IBM develops new battery using seawater minerals instead of heavy metals

IBM research has unveiled a new battery discovery that could help eliminate the need for heavy metals in battery production, proving to be a more sustainable option.

Instead of relying on cobalt and nickel, both of which pose tremendous environmental and humanitarian risks, the battery is made from three materials that can be extracted from seawater.

Using three new and different proprietary materials, which have never before been recorded as being combined in a battery, our team at IBM Research has discovered a chemistry for a new battery which does not use heavy metals or other substances with sourcing concerns. The materials for this battery are able to be extracted from seawater, laying the groundwork for less invasive sourcing techniques than current material mining methods.

shared Young-hye Na, Manager of Materials Innovations for Next-Gen Batteries at IBM Research on the company’s website.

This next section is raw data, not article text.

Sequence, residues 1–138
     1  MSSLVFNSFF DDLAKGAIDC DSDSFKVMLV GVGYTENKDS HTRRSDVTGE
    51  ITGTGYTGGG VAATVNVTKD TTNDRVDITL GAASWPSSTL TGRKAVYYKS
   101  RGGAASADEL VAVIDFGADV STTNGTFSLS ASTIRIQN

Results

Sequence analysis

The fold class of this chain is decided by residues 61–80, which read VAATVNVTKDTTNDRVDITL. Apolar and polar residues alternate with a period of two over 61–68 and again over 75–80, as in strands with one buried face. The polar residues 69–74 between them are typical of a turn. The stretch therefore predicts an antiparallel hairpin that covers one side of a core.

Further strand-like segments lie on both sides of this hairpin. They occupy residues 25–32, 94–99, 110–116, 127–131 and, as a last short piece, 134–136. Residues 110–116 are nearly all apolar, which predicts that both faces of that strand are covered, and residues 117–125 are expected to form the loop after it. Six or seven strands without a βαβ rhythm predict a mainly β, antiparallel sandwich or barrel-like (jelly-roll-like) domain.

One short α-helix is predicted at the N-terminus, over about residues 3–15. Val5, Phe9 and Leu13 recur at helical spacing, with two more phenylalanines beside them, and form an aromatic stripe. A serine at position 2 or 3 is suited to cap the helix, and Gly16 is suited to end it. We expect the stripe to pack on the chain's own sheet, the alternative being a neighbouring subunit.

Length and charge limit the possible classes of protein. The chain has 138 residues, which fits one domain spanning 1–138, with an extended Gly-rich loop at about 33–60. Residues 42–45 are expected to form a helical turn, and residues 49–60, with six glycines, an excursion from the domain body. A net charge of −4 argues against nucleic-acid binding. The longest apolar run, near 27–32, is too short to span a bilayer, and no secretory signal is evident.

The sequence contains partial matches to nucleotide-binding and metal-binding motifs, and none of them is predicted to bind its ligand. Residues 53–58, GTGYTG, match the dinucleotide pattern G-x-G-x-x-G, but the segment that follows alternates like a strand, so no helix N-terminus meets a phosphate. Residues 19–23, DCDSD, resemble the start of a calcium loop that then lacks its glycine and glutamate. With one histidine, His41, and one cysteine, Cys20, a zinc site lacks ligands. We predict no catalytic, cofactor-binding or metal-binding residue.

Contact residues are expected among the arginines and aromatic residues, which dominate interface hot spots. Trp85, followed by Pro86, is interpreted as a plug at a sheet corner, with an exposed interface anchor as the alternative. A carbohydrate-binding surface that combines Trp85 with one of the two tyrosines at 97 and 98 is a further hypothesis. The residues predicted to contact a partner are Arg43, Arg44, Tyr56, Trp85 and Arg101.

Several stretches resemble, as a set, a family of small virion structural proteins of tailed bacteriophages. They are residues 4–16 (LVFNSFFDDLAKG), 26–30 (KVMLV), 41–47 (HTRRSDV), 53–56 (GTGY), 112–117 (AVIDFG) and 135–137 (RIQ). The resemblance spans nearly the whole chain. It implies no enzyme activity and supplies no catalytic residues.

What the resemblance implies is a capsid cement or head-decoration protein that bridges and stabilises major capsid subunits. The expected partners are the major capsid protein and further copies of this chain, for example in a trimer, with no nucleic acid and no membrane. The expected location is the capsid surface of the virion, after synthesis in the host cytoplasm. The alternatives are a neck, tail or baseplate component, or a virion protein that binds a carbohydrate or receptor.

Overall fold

IBM researchers work in the IBM Research Battery Lab to combine and test unique materials and formulations for more sustainable battery technologies.

The discovery holds significant potential for electric vehicle batteries, for example, where concerns such as flammability, cost and charging time come into play. Current tests show that less than five minutes are required for the battery – configured for high power – to reach an 80 percent state of charge.

While IBM Research’s battery is currently in an early stage of development, the organisation has partnered with Mercedes-Benz Research and Development North America as well as battery companies Central Glass and Sidus to further develop the technology.